If you are watching sugar for diabetes, good health, or weight, this will help you understand ‘sugar’ is not just ‘sugar’

Carbohydrates metabolize into sugar in your body. However, there are healthy ways to get the carbohydrates your body needs.

The Glycemic Index is a rating of carbohydrate foods from 0 to 100. Each food is rated according to how it affects the blood sugar level. The higher the rating of the food on the scale, the more difficult time your body has metabolizing it.

Let's take the example of a baked potato with a glycemic index of 90 (100 is the highest level in the index, it means it metabolizes to the highest level of sugar). The sugar from the carbohydrates in the baked potato is easily absorbed into the bloodstream and creates high blood sugar levels. If you're a Type 2 diabetic, then your pancreas will release a big burst of insulin (called the insulin response) in an attempt to deal with the high blood sugar. This then causes a rebound low blood sugar level that leaves you with low blood sugar symptoms such as cravings, headaches, irritability, fatigue and lack of concentration.

Now let's take the example of a cup of blueberries. Their glycemic index is 40. Low glycemic index foods are rated 0-55. Medium glycemic index foods are 56-69 and anything rated 70 and above will cause the same reaction as the baked potato mentioned above. When you eat the blueberries, your body can handle the amount of carbohydrates in them and you won't end up with all the symptoms that people experience when they eat high glycemic index foods. Instead, for the next three hours your energy is at a good level – not too crazy high and not low. You can think and make decisions rationally, and your body feels good.

The key to managing blood sugar levels starts with understanding the Glycemic Index of foods. With this in mind, it's important to know the major four mistakes people make with the Index.

Here's a list of mistakes and myths:

1. Carrots are high glycemic index. This is a myth. Originally the researchers testing foods for glycemic index thought carrots were high but after they were re-tested, it was discovered that they were truly a low glycemic index food. Carrots are full of beta-carotene, an excellent nutrient for good vision and for free radical quenching, some things that every diabetic needs.

2. Rice cakes are low calorie so they must be low on the Glycemic index. This is not true. Rice cakes and any puffed products are high on the Index and should be avoided because they will cause the insulin response mentioned previously.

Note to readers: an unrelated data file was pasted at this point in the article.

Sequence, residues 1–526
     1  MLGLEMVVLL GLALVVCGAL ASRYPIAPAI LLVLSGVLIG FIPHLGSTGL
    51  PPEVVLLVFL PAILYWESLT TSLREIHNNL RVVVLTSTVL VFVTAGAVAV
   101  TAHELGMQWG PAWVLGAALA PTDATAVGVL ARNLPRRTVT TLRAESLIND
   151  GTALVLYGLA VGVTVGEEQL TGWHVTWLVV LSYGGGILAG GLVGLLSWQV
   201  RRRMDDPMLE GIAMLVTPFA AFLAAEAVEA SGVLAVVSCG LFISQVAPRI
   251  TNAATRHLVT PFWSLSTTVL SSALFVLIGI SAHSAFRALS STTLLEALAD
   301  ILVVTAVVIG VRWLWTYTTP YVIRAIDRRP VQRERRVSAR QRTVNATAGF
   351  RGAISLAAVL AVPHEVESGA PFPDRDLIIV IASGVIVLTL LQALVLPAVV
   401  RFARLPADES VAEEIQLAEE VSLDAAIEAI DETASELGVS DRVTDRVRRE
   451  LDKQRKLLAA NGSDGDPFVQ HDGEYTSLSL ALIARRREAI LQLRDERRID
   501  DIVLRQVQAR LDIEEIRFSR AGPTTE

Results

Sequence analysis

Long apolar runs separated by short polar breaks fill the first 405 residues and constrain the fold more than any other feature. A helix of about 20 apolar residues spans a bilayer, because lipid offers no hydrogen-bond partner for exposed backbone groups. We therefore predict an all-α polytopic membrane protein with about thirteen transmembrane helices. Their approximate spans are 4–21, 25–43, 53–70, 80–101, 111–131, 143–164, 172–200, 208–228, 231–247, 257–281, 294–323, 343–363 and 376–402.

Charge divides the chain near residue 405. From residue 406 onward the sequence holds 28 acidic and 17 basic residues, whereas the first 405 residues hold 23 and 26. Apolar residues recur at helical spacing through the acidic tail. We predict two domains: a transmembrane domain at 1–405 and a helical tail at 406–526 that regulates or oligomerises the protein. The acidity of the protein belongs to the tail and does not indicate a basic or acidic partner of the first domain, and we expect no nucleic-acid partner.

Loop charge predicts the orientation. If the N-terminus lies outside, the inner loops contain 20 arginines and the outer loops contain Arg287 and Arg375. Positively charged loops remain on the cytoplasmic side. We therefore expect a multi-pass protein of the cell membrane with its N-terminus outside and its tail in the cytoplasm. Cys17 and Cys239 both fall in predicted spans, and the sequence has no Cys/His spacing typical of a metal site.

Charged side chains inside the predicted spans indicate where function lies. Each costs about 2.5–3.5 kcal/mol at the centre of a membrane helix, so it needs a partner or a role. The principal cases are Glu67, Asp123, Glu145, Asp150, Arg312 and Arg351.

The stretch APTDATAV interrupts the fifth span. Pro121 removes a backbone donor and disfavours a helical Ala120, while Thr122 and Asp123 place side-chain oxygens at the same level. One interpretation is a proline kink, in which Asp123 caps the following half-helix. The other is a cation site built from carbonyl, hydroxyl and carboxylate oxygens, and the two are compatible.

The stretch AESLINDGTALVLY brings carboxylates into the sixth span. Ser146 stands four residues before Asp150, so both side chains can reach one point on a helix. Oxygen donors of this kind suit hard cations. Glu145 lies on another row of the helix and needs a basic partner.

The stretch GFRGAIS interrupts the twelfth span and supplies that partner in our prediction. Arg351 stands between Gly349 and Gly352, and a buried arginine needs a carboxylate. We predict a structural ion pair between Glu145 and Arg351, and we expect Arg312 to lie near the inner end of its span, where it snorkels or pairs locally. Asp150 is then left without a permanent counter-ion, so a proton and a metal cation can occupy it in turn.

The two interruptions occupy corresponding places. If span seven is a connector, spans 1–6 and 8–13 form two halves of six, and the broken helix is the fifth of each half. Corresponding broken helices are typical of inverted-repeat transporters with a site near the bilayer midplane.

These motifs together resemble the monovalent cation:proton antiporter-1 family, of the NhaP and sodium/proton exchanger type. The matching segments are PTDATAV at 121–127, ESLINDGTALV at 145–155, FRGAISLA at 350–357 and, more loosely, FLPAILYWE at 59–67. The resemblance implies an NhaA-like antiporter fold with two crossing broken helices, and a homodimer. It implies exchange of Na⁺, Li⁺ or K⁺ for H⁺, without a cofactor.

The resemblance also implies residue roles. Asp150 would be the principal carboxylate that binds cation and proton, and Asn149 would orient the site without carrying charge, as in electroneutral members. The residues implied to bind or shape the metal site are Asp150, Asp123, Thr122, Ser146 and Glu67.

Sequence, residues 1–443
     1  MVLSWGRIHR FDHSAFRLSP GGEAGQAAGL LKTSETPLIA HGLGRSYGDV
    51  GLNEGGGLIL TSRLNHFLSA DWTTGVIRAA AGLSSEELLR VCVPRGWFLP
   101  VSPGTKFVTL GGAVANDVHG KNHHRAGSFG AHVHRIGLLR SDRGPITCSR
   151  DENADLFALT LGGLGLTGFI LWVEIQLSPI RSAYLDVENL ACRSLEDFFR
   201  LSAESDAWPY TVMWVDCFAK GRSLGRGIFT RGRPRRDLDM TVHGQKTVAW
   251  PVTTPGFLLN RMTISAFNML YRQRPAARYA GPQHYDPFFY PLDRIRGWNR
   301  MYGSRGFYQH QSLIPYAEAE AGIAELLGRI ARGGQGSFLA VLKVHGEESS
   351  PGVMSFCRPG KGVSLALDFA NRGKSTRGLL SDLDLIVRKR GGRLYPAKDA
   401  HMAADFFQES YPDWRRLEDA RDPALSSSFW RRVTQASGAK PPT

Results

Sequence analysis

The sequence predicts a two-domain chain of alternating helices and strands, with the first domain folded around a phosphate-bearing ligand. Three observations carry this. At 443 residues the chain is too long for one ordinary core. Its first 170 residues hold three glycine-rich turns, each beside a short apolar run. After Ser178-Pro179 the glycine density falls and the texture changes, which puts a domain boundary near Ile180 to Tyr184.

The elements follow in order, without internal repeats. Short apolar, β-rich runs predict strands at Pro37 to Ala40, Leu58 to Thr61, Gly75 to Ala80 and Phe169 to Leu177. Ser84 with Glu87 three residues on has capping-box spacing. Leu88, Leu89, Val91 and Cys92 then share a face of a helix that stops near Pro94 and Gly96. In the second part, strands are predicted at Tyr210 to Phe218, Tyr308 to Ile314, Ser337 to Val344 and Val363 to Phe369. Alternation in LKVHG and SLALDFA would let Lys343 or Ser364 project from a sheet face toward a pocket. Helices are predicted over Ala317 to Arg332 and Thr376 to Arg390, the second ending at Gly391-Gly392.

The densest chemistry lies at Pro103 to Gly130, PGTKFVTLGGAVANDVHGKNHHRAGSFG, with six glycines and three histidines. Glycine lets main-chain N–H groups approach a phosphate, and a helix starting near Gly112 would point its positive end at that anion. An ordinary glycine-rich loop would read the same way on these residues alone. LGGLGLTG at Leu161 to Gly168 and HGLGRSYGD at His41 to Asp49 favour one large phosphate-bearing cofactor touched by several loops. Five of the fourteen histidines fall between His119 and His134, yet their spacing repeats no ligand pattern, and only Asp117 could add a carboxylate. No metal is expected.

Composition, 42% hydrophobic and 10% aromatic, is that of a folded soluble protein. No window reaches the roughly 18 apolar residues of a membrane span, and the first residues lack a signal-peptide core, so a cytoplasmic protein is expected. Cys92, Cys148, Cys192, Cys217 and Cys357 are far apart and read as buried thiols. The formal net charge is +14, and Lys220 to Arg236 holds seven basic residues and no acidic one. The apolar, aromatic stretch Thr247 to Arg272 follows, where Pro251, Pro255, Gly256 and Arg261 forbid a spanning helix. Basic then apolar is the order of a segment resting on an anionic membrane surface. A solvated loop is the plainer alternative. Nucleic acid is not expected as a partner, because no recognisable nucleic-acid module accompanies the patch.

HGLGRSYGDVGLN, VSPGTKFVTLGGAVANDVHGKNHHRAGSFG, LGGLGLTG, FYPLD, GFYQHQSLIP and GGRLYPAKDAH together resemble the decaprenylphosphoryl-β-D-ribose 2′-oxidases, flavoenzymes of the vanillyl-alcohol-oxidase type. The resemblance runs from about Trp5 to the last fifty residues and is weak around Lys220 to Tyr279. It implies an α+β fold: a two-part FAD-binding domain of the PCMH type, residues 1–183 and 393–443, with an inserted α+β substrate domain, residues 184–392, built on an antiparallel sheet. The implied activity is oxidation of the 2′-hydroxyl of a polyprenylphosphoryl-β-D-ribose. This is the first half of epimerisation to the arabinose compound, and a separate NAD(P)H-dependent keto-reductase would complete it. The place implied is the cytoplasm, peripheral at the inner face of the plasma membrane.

3. Bread is okay if it's whole grain. This is not true. You must check the level of carbohydrates in the slice of bread. If one slice has 20 or more grams of carbohydrates and you're eating a sandwich, the food already exceeds the level your body can handle, which is about 30 to 35 grams total in a meal.

4. Whole wheat is a good food for diabetics. Not true. Whole wheat is generally genetically-modified wheat and it is rated 68 or higher on the Glycemic Index. This is too high and will cause the insulin response. Learn about the Glycemic Index of foods and you'll be amazed at how much control you really do have over your blood sugar levels

A list of the Glycemic Index for various foods can be found here:

You can now understand why, if you are having a low sugar (hypoglycemic) episode, like in the afternoons, or mornings, sugar or carbohydrates are NOT going to help (only temporarily). Your best bet is a protein like cheese, peanut butter, etc. In addition, you should always eat a small amount of protein within 30 minutes of waking in the morning, which helps your body produce glucagons, which in turn, helps control sugar throughout the day. As in any lifechange you are making, you must do this consistently for it to work consistently. Your body gets into a bad state due to years of improper diet and intake/processing of nutrients, minerals and enzymes, it can take weeks to months to correct that.

Author's Bio: 

Lisa C. Baker, CNC, RNHP, is a certified Nutritional Counselor, and also holds a certificate in Complementary and Integrative Health. She is a member of the American Nutritional Association, the International Association of Natural Health Practitioners, International Institute for Complementary Therapists, and is a Registered Natural Health Practitioner by the IANHP.

Mrs. Baker is a musician and recording artist, a mother of one, and resides in Muskogee, Oklahoma with her husband and their kitties.